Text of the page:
Security updates have been issued by Arch Linux (electron, ghostscript, glibc, python2, and samba), Debian (webkit2gtk), Slackware (libtiff), SUSE (ImageMagick, python-ecdsa, and samba), and Ubuntu (apport, haproxy, ruby-nokogiri, and whoopsie).
The stable kernel releases are meant to contain as many important fixes as possible; to that end, the stable maintainers have been making use of a machine-learning system to identify patches that should be considered for a stable update. This exercise has had some success but, at the 2019 Open Source Summit Europe, Sasha Levin asked whether this process could be improved further. Might it be possible for a machine-learning system to identify patches that create bugs and intercept them, so that the fixes never become necessary?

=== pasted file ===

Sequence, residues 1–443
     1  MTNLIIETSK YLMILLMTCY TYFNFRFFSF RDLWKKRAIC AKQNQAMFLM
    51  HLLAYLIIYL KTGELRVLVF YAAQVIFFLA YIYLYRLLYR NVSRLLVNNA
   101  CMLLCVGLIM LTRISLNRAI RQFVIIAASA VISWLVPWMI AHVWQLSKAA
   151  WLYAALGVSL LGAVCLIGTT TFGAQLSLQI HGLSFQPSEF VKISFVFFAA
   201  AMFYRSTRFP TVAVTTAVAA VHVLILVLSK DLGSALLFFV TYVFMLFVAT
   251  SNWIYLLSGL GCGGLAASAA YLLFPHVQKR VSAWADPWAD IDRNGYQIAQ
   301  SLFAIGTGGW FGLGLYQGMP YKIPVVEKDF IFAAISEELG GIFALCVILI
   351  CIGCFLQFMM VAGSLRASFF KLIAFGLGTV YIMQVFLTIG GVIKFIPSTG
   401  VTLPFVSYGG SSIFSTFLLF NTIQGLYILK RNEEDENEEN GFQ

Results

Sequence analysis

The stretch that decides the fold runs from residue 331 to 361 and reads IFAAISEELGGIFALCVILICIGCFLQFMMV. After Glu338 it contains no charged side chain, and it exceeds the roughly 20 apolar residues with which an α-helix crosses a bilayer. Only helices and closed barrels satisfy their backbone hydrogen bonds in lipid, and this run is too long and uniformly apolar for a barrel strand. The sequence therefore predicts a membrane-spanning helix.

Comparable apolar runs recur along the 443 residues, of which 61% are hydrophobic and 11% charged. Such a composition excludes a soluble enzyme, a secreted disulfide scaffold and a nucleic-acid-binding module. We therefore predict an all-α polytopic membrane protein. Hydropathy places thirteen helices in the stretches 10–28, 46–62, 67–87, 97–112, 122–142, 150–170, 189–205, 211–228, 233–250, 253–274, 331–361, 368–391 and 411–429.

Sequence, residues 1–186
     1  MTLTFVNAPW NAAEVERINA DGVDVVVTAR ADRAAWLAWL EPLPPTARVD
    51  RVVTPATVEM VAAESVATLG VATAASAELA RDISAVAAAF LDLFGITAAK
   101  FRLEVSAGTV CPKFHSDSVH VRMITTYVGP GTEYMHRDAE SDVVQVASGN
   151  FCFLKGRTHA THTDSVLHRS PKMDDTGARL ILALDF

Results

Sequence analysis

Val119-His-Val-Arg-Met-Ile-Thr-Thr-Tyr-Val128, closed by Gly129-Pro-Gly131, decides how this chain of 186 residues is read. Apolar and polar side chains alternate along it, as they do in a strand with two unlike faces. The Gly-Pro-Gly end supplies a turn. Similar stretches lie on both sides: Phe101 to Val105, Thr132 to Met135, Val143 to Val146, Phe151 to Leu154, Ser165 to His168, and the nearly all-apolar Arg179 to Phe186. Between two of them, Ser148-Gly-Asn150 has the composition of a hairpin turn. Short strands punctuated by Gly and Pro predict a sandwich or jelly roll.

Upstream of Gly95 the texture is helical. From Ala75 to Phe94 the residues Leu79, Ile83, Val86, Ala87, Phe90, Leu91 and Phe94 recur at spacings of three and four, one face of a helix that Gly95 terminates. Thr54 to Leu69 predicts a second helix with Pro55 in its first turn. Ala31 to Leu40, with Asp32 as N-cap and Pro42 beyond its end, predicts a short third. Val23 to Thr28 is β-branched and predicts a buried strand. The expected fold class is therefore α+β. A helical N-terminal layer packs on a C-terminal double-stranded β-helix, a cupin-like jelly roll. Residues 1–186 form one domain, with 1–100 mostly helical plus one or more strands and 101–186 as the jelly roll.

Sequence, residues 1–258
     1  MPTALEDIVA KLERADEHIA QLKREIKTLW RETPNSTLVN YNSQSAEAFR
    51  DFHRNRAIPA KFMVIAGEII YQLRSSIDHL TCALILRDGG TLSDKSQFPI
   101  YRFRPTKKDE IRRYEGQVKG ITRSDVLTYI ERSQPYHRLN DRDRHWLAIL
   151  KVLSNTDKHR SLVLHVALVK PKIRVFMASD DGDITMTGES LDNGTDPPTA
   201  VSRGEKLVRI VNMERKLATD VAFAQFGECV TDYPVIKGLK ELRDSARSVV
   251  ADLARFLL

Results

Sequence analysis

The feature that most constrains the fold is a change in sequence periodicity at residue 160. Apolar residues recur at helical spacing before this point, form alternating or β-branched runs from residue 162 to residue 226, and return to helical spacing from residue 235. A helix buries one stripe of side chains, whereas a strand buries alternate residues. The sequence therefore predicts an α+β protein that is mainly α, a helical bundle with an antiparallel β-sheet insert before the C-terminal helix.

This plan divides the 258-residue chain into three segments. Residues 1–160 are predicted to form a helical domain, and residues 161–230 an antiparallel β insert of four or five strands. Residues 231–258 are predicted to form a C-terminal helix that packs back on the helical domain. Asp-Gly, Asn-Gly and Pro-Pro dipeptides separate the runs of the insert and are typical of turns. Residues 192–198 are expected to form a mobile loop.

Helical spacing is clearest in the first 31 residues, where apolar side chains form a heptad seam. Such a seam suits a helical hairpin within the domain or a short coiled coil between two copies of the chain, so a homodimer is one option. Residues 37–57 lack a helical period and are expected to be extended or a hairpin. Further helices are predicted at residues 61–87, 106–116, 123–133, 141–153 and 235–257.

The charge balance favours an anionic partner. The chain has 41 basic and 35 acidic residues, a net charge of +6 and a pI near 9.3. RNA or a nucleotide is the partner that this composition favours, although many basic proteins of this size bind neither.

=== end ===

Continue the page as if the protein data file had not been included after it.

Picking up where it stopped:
Security updates for Monday. 4 nov 2019 15:50:41.LWN.net.

Security updates have been issued by Arch Linux (chromium and qt5-webengine), CentOS (firefox and php), Fedora (file, java-latest-openjdk, nspr, nss, php, t1utils, and webkit2gtk3), Mageia (ansible, aspell, golang, libsoup, and libxslt), openSUSE (chromium and chromium, re2), Oracle (php), and Ubuntu (apport and file).

Kernel prepatch 5.4-rc6. 4 nov 2019 00:46:05.LWN.net.

The 5.4-rc6 kernel prepatch is out for testing. "There's no particular area or outstanding issue that is worrisome, but if things don't calm down this week, I suspect we'll be looking at one of those releases when we have an rc8. We'll see how things evolve here over the next couple of weeks."